Groovy late 60s pop sounds from producer Gary S Paxton’s remarkable stable. Soft psych, mod soul and harmony aplenty.
Gary S Paxton likes to delineate his years in 1960s Hollywood as his “BC” period, before the maverick music maker moved to Nashville in 1971, forsook drink and drugs for Jesus Christ and became a giant in the country and gospel fields. But it was within that earlier decade that Paxton sealed his true reputation. Not just as the quirky iconoclast behind ‘Alley-Oop’ and ‘Monster Mash’, but as a multi-faceted singing, playing, writing, arranging, producing and engineering omnivore who could single-handedly create a hit, from the bottom up.
In those years, Paxton proved adept at any genre he chose to dabble in, but given his proclivities toward the commercial, one might argue his most distinctive works in the late 1960s were those of the pure pop genre. His skills in this area were particularly pronounced, as an arranger – especially with vocals – and as the technician behind the recording desk. The sound of Paxton’s Hollywood and Bakersfield studios, and his regular session crew, is readily audible on many recordings ascribed to the “sunshine pop” genre, from the hits of the Association and Tommy Roe to cherished tracks by Eternity’s Children and the Millennium.
However, sunshine pop, popular catch-all category as it has become, does not fully describe the contents of our survey of the Garpax vaults in “Happy Lovin’ Time”. There is as much introspection and cynicism on display as there is frothy beatitude, not to mention plenty of instrumental muscle too. The Four Freshmen benefited from Paxton’s touch on their hip 1966 single ‘Nowhere To Go’, while Canadian groups such as the New Wing and Jaybees would travel to Hollywood to specifically record with him. Paxton’s secret weapon in this period was Kenny Johnson, whose songwriting is all over this compilation, as well as in recordings by the Chocolate Tunnel and Bakersfield Poppy Pickers. Pop wunderkind Curt Boettcher spent many hours at Paxton’s facilities in 1966 and 1967, and his distinctive voice can be heard not only on the backing vocals to several tracks, but also on two rare publishing demos. As well as a surfeit of harmonies, there’s mod-soul from Johnny Apollo and the Lords and the lazy pop-psychedelia of the Whatt Four’s classic ‘Dandelion Wine’.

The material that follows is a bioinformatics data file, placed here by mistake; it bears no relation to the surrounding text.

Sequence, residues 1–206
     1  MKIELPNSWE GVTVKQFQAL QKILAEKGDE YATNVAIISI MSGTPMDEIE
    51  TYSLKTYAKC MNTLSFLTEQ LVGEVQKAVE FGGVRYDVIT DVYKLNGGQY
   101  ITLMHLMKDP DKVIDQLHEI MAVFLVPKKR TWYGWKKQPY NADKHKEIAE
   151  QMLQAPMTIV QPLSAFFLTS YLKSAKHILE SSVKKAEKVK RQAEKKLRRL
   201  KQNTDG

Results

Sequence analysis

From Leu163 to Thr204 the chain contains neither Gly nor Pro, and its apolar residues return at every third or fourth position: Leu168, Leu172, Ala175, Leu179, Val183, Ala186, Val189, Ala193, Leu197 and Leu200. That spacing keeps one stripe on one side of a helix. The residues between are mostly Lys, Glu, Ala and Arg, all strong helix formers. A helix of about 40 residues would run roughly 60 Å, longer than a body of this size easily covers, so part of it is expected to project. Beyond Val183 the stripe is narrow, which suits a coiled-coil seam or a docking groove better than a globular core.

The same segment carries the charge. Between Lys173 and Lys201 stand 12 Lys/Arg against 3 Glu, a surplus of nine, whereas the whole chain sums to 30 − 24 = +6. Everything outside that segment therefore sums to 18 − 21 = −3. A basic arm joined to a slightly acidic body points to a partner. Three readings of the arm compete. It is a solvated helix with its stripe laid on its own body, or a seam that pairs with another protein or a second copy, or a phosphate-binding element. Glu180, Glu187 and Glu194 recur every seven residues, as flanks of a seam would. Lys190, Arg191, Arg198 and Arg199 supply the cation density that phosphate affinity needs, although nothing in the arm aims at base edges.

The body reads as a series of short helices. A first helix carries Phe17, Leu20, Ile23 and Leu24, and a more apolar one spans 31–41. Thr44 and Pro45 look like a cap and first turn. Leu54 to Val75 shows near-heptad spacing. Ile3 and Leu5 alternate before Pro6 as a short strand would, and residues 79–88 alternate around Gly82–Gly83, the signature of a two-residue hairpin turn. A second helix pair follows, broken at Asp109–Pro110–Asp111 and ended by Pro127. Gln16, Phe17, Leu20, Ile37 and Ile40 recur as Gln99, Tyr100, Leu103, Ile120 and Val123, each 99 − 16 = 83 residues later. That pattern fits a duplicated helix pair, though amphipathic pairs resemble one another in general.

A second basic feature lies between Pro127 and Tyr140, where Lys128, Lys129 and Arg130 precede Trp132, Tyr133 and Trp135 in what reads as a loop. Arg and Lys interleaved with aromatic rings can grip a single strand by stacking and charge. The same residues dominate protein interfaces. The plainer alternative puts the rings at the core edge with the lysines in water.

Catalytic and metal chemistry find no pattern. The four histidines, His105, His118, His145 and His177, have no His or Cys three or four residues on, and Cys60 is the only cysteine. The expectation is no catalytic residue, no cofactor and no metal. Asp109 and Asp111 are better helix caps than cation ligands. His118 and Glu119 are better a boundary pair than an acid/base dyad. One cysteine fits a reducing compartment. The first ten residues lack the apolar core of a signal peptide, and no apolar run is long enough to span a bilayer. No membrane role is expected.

With a detailed note and commentary from Kenny Johnson and Paxton himself, the sounds on “Happy Lovin’ Time” come across as fresher and more vivacious than ever, and are yet again proof of the bizarre but undeniable genius of Gary S Paxton.